For aspiring young musicians, there are hundreds of summer camps and programs across the United States where they can hone their craft and enjoy the camaraderie of like-minded persons. Not quite as many opportunities exist for those with musical theater in their blood who'd like to learn from professionals and experience the complete arc of a major production. One of those rare gems is PlayMakers Repertory Company's Summer Youth Conservatory. Not only do they attract those who want to be in the spotlight but also students who want training in actually shining the spotlight: it's an intensive program in all aspects of theater tech. Each summer, one major musical is presented. The 2014 production is Hairspray, and there is perhaps no better vehicle for a group of actual teenagers than this show, which revels in youthful exuberance, idealism, and playful conflict.
Hairspray began as a 1988 film written and directed by the distinctly non-conforming John Waters. This was the epitome of over-the-top campiness, yet it also had a sweetness and naiveté about it that strongly resonated with audiences. Adapted into a Broadway musical in 2002, it went on to win eight Tony Awards, including Best Musical, the following year.
Hairspray is set in a nearly completely white bread Baltimore, 1962. We immediately meet Tracy Turnblad (Rachel Musson) as she sings "Good Morning, Baltimore." Tracy is a typical "pleasantly plump" teenager of the time whose main interests are tending to her beehive hairdo, dancing, and watching the "dreamy" lead singer on the Corny Collins Show, a segregated TV dance show similar to American Bandstand in the 1950s and '60s. When it is announced that there will be auditions for a dancer on that show, Tracy is consumed with winning that coveted spot. Musson inhabits the role so completely and realistically that you have trouble imagining what she is like in real life. She grows with confidence after a somewhat restrained start, and there's no doubt that each successive performance will grow in professionalism.
There's more – much more – to the Turnblad family. Edna, the "mother," is played with a delicious, well-balanced blend of complete seriousness and high camp by Jack Carmichael. He looks as good as a real teenage boy can in a housedress, and he exudes a radiant sense of fun in this outlandish role. The nebbishy Turnblad father, Wilbur, is not quite as big a part as Edna, but Ethan Fox brings out the humor and even sexiness of this nerdy good guy. Together, in Act II, they perform one of the most well received numbers: a vaudeville-like love song, "(You're) Timeless to Me."
Like many musicals, there are basically two competing gangs. This set is as old as time and will probably never recede: basically, the alleged cool kids vs. the outsiders. The in crowd is headed by an icy mother/daughter combo of Velma and Amber Von Tussle. Sadie Frank and Ainsley Seiger portray, with perfect pitch bitchiness, the villains you love to hiss at who get their comeuppance at the end. Tracy Turnblad is not only an outcast as an oversized teen but also befriends and likes to dance with black friends. She even wants to take part in "Negro day!"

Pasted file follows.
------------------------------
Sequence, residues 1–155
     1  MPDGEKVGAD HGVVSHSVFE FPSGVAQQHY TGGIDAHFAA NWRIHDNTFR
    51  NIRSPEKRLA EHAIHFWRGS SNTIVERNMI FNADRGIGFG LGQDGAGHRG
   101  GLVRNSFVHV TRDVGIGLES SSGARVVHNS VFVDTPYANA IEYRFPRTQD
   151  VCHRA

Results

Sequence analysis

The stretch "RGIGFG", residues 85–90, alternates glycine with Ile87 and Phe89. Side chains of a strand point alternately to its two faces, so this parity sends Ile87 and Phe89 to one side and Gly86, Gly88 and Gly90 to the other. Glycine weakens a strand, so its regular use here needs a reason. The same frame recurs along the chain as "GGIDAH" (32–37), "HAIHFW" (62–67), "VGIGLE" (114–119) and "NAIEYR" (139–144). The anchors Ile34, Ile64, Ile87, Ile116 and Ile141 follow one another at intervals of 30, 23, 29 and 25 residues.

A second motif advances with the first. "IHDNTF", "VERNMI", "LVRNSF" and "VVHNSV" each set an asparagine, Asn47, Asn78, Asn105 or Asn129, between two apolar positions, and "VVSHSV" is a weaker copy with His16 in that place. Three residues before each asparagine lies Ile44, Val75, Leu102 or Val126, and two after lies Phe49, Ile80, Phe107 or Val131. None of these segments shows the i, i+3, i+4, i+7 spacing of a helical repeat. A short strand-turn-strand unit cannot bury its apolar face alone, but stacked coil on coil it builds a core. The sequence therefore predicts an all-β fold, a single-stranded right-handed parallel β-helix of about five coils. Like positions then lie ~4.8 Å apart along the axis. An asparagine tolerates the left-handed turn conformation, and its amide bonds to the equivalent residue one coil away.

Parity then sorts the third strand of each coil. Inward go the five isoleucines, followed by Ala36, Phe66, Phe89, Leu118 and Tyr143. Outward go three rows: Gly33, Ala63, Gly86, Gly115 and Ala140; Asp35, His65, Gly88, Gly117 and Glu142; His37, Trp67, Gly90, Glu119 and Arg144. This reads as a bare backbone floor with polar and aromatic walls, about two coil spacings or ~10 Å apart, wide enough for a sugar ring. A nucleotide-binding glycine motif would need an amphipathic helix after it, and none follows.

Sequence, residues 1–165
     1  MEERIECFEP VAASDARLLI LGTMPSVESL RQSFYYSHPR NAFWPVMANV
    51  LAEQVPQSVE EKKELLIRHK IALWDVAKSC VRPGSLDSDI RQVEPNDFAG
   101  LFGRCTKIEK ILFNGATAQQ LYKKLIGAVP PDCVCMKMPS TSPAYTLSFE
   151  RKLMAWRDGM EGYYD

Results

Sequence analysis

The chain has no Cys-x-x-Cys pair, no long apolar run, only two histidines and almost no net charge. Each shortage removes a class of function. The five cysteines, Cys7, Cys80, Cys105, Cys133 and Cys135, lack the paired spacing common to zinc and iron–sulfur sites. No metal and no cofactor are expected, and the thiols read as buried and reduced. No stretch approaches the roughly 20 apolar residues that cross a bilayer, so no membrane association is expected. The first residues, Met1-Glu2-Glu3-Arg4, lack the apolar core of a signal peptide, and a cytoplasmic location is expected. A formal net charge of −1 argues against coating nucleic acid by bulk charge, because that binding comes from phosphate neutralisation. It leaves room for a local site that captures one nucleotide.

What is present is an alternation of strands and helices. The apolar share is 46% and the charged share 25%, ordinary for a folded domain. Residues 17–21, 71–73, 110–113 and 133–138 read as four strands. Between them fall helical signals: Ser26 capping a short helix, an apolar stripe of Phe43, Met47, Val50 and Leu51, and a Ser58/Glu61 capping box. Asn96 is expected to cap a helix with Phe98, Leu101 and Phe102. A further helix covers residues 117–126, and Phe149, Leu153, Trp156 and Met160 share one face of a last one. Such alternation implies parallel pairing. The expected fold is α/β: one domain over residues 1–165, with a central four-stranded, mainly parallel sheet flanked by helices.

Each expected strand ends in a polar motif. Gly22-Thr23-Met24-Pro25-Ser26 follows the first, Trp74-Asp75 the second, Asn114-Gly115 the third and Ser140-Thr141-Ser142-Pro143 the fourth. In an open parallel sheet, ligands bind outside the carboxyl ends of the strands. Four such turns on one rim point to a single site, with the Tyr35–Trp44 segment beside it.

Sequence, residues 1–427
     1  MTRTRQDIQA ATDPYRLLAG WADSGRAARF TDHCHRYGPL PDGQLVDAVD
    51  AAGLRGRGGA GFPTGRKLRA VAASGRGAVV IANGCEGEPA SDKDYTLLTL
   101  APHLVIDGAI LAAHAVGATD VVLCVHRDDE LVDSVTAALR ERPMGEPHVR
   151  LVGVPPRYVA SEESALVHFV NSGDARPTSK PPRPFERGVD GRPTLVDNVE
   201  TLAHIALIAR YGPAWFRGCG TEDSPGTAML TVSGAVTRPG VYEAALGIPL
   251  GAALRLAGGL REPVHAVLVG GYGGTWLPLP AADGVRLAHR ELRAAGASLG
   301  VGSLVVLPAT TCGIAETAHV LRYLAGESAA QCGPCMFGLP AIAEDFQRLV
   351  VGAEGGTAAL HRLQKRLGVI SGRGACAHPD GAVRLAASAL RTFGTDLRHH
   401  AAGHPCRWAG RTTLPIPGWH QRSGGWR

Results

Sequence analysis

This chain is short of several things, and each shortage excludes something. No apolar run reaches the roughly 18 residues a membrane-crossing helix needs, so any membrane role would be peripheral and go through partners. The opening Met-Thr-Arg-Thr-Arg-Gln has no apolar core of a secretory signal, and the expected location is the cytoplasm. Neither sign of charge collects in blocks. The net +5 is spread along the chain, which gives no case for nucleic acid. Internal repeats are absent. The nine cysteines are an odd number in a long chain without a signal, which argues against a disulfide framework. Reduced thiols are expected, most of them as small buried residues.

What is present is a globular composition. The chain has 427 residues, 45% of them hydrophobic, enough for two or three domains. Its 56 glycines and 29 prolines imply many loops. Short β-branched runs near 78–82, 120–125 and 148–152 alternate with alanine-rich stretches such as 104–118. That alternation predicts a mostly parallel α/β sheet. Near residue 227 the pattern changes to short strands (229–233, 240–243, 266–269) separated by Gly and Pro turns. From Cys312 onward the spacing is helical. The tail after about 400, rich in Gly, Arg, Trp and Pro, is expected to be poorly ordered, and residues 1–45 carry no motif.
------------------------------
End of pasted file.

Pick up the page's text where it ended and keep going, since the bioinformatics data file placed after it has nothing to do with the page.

Even if you've never seen the movie or musical elsewhere, the storyline is as predictable as a familiar fairy tale, and there's no need for a "spoiler alert." Tracy and her group triumph, she wins Miss Hairspray of 1962, the Corny Collins Show is integrated and, best of all, the thin, pretty, popular girls are defeated and humiliated. Like the story, the music – composed by Marc Shaiman, although well-crafted and perfect for the time period – is a derivative of '50s Doo Wop and bits of blues and gospel. Music Director Mark Lewis, on keyboard, led a group of six other musicians who did a fabulous job both in performing the songs as well as not overpowering the singers.
Make no mistake about it, this is no dumbed-down, bargain basement production that only friends and relatives of the students in the show might feel obliged to attend. This is as complete and professional as any you'd see, including Broadway touring shows at DPAC. Director Desdemona Chiang and Matthew Steffens, her associate and choreographer, did a miraculous job of molding 30 students from 15 area high schools into a professional-level company for this run. When the full ensemble was on what is about a 25-foot square stage, they danced and sang as if they had all the room in the world. All the actors seemed at ease and at home with their characters; I did not sense any stage fright or holding back. Whether as soloists or part of the chorus, all sang their parts with good pitch and attention to the lyrics, although I can't honestly say that I heard any truly outstanding, memorable voices. Symone Crews, playing Motormouth Maybelle, came close to that with a foot stomping Bessie Smith-like blues called "Big, Blonde, and Beautiful" to close the first act.
So, you can't get any more authentic than real teenagers who love singing and dancing playing the same, even if that was in the dark ages of 1962. Despite Hairspray dealing, in a limited manner, with heavy topics like race relations, segregation, bullying, and self-image issues, this is pretty much mindless fun with somewhat formulaic music – but, performed at such a high level as this Summer Youth Conservancy, sometimes that's as good as it gets, or needs to be.
The show continues through July 20. For details, see the sidebar.